Sanchez, whose Socialists won an early general election last month but have yet to form a new government, had nominated Miquel Iceta, a veteran leader of the Catalan Socialist Party with a conciliatory position towards the separatists, to the post in what was seen as a goodwill gesture.
But the regional Catalan parliament on Thursday voted against Iceta's designation as a senator with 65 against, 25 in favour and 39 abstentions, thwarting Sanchez's plans to have him then appointed as speaker of the upper house.
It was the first setback for Sanchez since the April 28 general election which saw his Socialists win the most seats in Congress, the lower house, and obtain an absolute majority in the Senate.
Since the Socialists do not have an absolute majority in Congress, they need to negotiate an alliance with smaller parties in order to be sworn in for another term.
No agreements are expected before local, regional and European Parliament elections are held in Spain on May 26.
Deputy Prime Minister Carmen Calvo called the move to block Iceta's nomination “immensely clumsy”.
Iceta, a lawmaker in the Catalan regional parliament, has long called for a federal system of government in Spain in order to meet Catalonia's calls for greater autonomy and has repeatedly called for dialogue to resolve a crisis sparked by the northeastern region's failed bid to break away in 2017.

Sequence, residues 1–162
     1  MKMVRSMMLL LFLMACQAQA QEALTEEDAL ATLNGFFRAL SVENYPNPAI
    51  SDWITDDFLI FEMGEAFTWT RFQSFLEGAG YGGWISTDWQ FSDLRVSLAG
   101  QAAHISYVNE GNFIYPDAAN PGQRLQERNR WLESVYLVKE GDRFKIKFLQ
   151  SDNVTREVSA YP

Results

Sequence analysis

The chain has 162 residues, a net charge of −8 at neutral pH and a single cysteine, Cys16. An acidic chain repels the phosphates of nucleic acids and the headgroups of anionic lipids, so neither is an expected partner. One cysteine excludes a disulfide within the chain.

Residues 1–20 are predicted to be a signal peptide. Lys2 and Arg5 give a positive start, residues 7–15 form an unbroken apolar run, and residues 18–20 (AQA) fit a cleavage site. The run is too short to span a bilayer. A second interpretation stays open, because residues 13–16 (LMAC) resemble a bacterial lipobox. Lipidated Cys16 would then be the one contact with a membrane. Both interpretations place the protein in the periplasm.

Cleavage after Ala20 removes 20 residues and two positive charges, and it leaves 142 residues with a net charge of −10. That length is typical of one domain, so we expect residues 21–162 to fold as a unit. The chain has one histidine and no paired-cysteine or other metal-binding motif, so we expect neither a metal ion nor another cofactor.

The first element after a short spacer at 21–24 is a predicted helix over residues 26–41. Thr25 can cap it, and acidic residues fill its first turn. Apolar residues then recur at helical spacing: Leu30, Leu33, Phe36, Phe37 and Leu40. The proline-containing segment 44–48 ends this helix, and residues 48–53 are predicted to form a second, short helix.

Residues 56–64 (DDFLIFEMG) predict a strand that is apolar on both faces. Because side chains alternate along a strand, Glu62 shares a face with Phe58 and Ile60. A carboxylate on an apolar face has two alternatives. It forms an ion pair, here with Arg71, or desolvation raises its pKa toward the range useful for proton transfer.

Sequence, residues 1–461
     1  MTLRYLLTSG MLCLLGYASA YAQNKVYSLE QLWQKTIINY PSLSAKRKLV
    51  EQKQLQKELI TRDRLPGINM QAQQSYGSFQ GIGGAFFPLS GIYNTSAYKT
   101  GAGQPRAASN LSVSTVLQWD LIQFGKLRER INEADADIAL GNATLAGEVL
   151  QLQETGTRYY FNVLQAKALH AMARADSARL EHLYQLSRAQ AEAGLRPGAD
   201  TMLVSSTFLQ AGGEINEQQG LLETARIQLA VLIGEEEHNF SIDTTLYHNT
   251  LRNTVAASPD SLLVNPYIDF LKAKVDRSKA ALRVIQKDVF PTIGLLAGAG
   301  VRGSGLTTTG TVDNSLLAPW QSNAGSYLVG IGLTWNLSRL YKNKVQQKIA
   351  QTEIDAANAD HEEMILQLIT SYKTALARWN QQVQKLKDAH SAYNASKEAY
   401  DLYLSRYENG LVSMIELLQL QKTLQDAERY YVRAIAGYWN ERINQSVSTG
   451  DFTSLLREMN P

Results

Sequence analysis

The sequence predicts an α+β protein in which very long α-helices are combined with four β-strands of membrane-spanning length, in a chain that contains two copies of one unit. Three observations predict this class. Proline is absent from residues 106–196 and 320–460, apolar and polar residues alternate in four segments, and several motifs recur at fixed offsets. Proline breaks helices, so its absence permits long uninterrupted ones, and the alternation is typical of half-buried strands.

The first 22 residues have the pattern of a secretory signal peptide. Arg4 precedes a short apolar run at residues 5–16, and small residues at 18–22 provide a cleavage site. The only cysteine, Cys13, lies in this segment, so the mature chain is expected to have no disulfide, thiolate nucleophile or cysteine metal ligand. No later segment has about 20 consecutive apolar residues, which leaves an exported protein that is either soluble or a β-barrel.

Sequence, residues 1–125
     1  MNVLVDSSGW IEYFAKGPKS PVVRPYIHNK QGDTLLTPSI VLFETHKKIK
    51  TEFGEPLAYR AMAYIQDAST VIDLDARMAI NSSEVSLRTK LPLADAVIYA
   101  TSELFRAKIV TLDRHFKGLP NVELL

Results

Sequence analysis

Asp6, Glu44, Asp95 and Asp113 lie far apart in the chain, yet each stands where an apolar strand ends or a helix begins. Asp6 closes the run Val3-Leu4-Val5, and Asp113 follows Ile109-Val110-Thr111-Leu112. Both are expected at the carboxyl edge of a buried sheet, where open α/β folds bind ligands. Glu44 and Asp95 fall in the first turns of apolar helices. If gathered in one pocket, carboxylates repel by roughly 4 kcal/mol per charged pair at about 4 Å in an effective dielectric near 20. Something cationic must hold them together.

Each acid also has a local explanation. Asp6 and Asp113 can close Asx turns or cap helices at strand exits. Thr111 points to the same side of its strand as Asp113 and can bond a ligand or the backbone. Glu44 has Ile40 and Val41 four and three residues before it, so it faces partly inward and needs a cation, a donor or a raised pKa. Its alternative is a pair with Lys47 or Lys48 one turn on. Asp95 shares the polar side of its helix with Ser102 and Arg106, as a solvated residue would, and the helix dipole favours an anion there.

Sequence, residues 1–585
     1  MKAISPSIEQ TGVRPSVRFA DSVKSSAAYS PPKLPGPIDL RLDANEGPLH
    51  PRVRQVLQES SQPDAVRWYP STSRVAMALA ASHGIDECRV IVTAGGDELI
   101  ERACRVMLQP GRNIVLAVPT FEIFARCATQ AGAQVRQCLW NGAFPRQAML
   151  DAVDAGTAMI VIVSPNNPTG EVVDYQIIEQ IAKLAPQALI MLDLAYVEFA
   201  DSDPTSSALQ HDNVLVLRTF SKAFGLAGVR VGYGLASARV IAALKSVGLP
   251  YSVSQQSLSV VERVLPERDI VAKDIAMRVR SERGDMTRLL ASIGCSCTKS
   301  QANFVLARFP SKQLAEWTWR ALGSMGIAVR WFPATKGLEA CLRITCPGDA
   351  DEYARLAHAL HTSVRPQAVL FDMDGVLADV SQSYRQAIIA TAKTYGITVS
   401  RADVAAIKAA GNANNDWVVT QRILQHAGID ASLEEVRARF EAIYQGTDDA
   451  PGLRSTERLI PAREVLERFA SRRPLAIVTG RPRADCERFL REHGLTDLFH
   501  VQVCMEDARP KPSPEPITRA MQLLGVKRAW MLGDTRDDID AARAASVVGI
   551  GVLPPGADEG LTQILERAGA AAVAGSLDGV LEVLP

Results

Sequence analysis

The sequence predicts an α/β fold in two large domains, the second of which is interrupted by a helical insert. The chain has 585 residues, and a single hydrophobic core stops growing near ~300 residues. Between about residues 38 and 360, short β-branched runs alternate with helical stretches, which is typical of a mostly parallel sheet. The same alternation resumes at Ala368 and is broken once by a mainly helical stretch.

'Used to Madrid giving orders'
He has even suggested that Catalan leaders currently on trial in Madrid over the secession bid could be given a pardon.
But the separatists opposed Iceta's nomination because he and his party backed the temporary suspension of Catalonia's regional powers after the secession referendum and independence declaration.
They have also accused Iceta of not showing enough sensitivity to the Catalan leaders who are facing long prison sentences.
This is the first time in Spain's modern history that Catalonia's regional parliament has not simply ratified the choice for senator proposed by the top party in the upper house.
“You are very used to Madrid giving orders and Catalonia obeying,” said Albert Batet, spokesman for Catalan separatist party Junts per Catalunya, during debate in the Catalan parliament.
Conservative parties which fiercely oppose Catalan independence also abstained from voting on Iceta's nomination because they accuse him of being too soft on the separatists.